Family members of the dead troops were not told of the practice, which emerged amidst anger over disclosures that other remains were lost and mishandled by mortuary officials at the base.
“We could have done it better,” Brig Gen Les Kodlick, an Air Force spokesman, said. Officials say the practice only applied to bone fragments and DNA material, not large body parts.
“The common practice was that any residual matter remaining after incineration was disposed of by the contractor in a landfill,” said Brig Gen Kodlick. The system was scrapped by the military in 2008.
The disclosures about the base were described as “disheartening and very unfortunate” by the National Military Families Association.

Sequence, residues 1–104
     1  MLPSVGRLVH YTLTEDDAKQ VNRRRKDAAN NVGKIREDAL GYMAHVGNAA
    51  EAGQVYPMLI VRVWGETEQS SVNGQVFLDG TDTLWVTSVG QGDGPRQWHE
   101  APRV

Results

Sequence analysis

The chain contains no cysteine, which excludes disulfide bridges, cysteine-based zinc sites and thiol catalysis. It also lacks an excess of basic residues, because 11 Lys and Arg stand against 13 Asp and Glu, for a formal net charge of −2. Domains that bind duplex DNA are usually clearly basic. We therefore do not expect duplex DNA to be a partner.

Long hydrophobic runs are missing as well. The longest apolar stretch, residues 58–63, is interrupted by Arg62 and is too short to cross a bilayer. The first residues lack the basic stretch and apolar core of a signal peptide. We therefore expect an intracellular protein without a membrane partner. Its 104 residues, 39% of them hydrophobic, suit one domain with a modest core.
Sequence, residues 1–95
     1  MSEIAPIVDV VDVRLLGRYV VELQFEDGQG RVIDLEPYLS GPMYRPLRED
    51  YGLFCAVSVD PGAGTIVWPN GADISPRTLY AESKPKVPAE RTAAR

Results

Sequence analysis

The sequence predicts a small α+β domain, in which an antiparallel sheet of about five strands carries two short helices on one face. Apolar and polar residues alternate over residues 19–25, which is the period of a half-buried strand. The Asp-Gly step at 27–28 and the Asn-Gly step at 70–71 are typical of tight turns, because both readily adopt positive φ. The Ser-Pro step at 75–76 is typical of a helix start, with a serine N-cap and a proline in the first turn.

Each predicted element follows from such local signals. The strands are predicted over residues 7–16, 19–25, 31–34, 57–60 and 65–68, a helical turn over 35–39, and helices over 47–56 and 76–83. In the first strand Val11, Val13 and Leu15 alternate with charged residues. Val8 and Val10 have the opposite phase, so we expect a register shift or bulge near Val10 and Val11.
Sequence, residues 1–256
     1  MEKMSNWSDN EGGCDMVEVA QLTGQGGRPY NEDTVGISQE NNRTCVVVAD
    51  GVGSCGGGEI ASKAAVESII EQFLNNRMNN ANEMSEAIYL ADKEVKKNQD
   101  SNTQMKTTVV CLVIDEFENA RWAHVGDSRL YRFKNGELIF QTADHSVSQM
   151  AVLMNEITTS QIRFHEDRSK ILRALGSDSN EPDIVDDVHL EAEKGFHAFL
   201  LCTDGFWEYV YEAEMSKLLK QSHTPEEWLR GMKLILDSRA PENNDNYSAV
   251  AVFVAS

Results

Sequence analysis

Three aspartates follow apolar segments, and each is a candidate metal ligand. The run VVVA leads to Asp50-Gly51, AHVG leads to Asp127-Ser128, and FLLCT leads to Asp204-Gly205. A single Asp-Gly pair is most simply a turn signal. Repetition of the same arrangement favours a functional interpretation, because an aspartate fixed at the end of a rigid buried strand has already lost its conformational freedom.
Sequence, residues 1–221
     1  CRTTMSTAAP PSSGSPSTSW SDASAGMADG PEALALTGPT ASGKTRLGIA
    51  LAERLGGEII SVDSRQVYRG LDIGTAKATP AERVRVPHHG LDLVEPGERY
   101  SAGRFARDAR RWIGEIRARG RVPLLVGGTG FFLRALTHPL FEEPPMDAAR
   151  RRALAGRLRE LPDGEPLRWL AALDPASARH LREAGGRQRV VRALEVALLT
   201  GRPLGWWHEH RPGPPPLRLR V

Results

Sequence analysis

An officer and two civilian employees at the base have been disciplined as a result of an inquiry into the earlier disclosures.
A whistle-blower, who was fired, revealed that a dead marine’s arm was sawn off, without his family’s permission, to make his body fit into his uniform and that body parts had gone missing.
President Barack Obama was informed by Carolyn Lerner, the special counsel who led the inquiry, that it had discovered “substantial evidence of gross mismanagement, violations of rules and regulations, and a disturbing pattern of dishonesty and misconduct”.
Gen Norton Schwartz, the Air Force chief of staff, said in a statement: “We can, and will, do better.” The force said the four families of the fallen troops involved had since been informed about what happened to their relatives’ remains.